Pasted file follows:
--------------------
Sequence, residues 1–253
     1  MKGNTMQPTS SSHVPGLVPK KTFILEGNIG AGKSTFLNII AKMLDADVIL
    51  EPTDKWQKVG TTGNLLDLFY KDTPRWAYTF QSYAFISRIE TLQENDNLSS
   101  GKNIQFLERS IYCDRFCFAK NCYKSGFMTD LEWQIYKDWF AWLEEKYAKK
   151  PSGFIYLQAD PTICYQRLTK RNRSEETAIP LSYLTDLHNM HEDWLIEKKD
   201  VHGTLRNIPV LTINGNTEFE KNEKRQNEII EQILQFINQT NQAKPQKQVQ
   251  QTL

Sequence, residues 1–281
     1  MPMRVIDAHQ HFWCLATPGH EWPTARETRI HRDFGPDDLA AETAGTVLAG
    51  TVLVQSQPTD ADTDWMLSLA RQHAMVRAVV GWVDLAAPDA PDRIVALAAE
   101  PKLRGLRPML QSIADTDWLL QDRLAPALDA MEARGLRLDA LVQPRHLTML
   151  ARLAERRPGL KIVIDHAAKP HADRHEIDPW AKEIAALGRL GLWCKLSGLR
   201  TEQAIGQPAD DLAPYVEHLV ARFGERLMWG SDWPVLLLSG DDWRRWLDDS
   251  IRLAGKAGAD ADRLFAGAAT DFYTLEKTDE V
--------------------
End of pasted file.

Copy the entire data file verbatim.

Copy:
Sequence, residues 1–253
     1  MKGNTMQPTS SSHVPGLVPK KTFILEGNIG AGKSTFLNII AKMLDADVIL
    51  EPTDKWQKVG TTGNLLDLFY KDTPRWAYTF QSYAFISRIE TLQENDNLSS
   101  GKNIQFLERS IYCDRFCFAK NCYKSGFMTD LEWQIYKDWF AWLEEKYAKK
   151  PSGFIYLQAD PTICYQRLTK RNRSEETAIP LSYLTDLHNM HEDWLIEKKD
   201  VHGTLRNIPV LTINGNTEFE KNEKRQNEII EQILQFINQT NQAKPQKQVQ
   251  QTL

Sequence, residues 1–281
     1  MPMRVIDAHQ HFWCLATPGH EWPTARETRI HRDFGPDDLA AETAGTVLAG
    51  TVLVQSQPTD ADTDWMLSLA RQHAMVRAVV GWVDLAAPDA PDRIVALAAE
   101  PKLRGLRPML QSIADTDWLL QDRLAPALDA MEARGLRLDA LVQPRHLTML
   151  ARLAERRPGL KIVIDHAAKP HADRHEIDPW AKEIAALGRL GLWCKLSGLR
   201  TEQAIGQPAD DLAPYVEHLV ARFGERLMWG SDWPVLLLSG DDWRRWLDDS
   251  IRLAGKAGAD ADRLFAGAAT DFYTLEKTDE V